Since 2011, TGG has focused on the economics of oil supply and transportation, notably Canadian tar sands and US shale via pipelines and rail. Ian Goodman and Brigid Rowan of TGG have co-authored expert reports and testimony on North America’s most controversial pipeline projects, including:
- TransCanada Keystone XL
- TransCanada Energy East
- Enbridge Line 9 Reversal and Capacity Expansion
- Kinder Morgan Trans Mountain Expansion.
TGG has co-authored 8 expert reports on the economic development and environmental impacts of crude oil transportation. Our reports have examined the economic costs (with a focus on worst-case spills) and benefits (with a focus on employment and tax revenues) for communities (including states, provinces, and regions).
TGG reports have also analyzed the distribution of costs and benefits between communities/governments and pipeline proponents (energy producers/pipeline companies/refineries). TGG has also produced crude market analyses (examining the economics of crude oil supply and demand in relevant markets) to evaluate the need for various pipelines.
At a national level, TGG evaluated the US employment impacts of the Keystone XL pipeline in Pipe Dreams? Jobs Gained, Jobs Lost by the Construction of Keystone XL, an influential widely publicized study co-authored with Cornell University. TGG evaluated the adequacy of the US State Department’s Market Analysis for Keystone XL. At a state/provincial/regional level, TGG has produced 4 reports on the economic and environmental impacts of pipelines.
TGG’s expert reports on crude oil pipelines include:
- Changes to the Economic Costs and Benefits of the Keystone XL Pipeline for South Dakota, written expert testimony filed in April and June 2015 at the South Dakota Public Utilities Commission on behalf of the Rosebud Sioux Tribe. Based on the conclusions of pipeline safety expert, Richard Kuprewicz (that (a) the proposed routing in South Dakota places the proposed pipeline at undue risk of rupture with massive release of oil; and (b) the worst-case spill scenario of 60,000 barrels (assuming a 15-minute valve shutoff time)), TGG estimates a range of Worst-Case Scenario Costs starting at US$1 billion and escalating to $2 billion or more for a very high consequence event. Given the Keystone XL’s very small employment and property tax benefits, TGG concludes that, under a range of worst-case scenarios, the costs of the Project will greatly exceed the benefits for South Dakota.
- Economic Costs and Benefits of the Trans Mountain Expansion Project (TMX) for BC and Metro Vancouver in collaboration with Simon Fraser University, Centre for Public Policy Research. The report, first released in November 2014, shows that the economic development benefits of TMX are very small and have been significantly overstated by Kinder Morgan, whereas the worst-case costs of a catastrophic spill are very large and have been vastly understated.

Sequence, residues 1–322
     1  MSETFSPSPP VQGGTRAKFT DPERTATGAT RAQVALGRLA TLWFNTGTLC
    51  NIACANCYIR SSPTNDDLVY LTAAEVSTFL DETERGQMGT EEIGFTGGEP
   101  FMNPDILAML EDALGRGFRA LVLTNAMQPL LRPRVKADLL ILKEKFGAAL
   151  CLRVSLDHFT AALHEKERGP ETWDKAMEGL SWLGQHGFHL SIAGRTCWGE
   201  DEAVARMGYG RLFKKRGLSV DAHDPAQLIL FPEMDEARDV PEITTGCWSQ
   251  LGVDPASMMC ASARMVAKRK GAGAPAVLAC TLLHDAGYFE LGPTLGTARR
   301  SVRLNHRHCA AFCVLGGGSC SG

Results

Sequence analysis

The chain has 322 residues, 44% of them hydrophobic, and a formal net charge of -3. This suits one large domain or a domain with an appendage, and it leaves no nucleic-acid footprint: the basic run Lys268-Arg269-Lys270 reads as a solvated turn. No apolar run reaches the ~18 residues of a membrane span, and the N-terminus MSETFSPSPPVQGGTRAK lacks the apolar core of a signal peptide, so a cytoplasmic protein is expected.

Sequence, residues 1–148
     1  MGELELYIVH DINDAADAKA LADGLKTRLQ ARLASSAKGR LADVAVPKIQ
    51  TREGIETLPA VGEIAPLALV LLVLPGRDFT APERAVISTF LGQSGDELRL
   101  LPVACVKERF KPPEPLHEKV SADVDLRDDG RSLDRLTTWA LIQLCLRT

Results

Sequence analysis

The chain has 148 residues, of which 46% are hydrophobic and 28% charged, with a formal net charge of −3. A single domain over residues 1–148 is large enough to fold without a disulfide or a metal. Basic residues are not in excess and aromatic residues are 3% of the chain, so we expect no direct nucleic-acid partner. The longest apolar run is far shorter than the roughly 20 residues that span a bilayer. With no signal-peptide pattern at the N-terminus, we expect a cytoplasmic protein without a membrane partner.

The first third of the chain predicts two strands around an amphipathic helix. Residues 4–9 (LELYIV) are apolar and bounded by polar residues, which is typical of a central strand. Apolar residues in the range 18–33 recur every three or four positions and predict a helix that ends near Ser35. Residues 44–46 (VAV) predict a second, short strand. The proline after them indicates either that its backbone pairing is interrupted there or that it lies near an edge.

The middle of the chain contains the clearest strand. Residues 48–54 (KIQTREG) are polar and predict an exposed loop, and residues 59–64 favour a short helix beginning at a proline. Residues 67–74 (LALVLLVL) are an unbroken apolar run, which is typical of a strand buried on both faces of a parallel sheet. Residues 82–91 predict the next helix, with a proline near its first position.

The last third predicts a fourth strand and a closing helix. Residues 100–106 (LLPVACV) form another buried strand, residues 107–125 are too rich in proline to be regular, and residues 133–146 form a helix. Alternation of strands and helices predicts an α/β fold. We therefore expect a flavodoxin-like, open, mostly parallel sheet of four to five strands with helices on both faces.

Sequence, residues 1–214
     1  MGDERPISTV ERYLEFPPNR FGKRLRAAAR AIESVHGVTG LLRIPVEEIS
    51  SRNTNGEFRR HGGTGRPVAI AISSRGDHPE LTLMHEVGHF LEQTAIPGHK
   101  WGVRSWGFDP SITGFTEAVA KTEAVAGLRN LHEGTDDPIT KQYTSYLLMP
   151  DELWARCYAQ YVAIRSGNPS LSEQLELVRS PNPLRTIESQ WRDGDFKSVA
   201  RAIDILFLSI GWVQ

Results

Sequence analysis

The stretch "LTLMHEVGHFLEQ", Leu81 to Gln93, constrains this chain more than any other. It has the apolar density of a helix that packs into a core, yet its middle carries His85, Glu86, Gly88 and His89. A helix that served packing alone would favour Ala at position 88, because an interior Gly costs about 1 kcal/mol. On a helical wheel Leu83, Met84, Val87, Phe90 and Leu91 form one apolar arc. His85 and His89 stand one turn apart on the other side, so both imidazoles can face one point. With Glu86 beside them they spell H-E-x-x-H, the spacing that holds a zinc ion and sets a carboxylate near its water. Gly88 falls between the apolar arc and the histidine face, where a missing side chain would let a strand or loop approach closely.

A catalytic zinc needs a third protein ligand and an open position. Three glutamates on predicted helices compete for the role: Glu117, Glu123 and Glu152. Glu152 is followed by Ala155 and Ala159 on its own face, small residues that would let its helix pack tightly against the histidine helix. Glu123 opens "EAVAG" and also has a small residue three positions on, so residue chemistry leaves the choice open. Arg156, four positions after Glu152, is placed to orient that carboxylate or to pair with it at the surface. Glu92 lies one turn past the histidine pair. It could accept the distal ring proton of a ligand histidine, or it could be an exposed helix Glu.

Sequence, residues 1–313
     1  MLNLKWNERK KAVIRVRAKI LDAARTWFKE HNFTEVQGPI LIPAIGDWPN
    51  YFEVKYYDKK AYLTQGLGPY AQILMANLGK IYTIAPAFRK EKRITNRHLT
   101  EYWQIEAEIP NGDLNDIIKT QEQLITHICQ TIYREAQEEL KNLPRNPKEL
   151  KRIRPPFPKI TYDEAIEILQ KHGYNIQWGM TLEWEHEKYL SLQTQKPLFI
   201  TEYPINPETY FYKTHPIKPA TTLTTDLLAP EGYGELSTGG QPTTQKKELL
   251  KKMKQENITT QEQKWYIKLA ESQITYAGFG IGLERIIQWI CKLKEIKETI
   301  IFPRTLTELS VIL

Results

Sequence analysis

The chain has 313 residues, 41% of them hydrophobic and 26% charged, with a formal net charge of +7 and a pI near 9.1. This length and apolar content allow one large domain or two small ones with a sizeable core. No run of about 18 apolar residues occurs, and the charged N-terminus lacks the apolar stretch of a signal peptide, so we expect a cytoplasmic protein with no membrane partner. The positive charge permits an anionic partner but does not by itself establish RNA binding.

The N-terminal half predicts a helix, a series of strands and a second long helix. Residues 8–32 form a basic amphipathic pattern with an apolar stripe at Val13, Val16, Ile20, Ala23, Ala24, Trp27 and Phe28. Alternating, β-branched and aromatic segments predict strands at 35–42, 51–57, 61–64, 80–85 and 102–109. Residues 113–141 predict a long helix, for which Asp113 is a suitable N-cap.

- Economics of Transporting and Processing Tar Sands Crudes in Quebec in collaboration with Aquiterre and Greenpeace Canada. The January 2014 report demonstrates that the economic development benefits of moving and refining tar sands crudes would be insignificant for Quebec, while the costs and risks are very high.
- The Relative Economic Costs and Benefits of Enbridge’s Line 9B Reversal and Line 9 Capacity Expansion Project, expert report filed in August 2013 at Canada’s National Energy Board on behalf of a coalition of environmental groups.
- Report evaluating the adequacy of the Keystone XL (KXL) Draft Supplemental Environmental Impact Statement (DSEIS) Market Analysis, filed as an attachment to Comments on KXL DSEIS submitted by Sierra Club, NRDC and 14 other groups in April 2013.
- Pipe Dreams? Jobs Gained, Jobs Lost by the Construction of Keystone XL, co-authored with Cornell University, September 2011.
See www.thegoodman.com/publications for links to the complete list of TGG’s reports.
Potential Conflicts of Interest
TGG has never been retained by the energy pipeline industry and does not anticipate being retained by this industry in the future. TGG has no potential conflicts in working for an entity that is not aligned with the energy pipeline industry’s interests.
As indicated above in response to other questions, in our 26-year history, TGG has worked for a very diverse range of clients including citizen groups and governments at all levels, as well as regulators, environmental and public interest organizations, consumer groups and indigenous groups. We have been retained by energy industry clients in the past, but these are typically renewable energy companies or utilities and distribution companies seeking analysis of employment impacts related to investment in energy efficiency or renewables.
Since 2011, when TGG’s practice began to focus mainly on the economics of oil supply and transportation, TGG has worked exclusively for environmental, indigenous and public interest groups, and collaborated with academic institutions. We have not been retained by energy industry clients since 2008.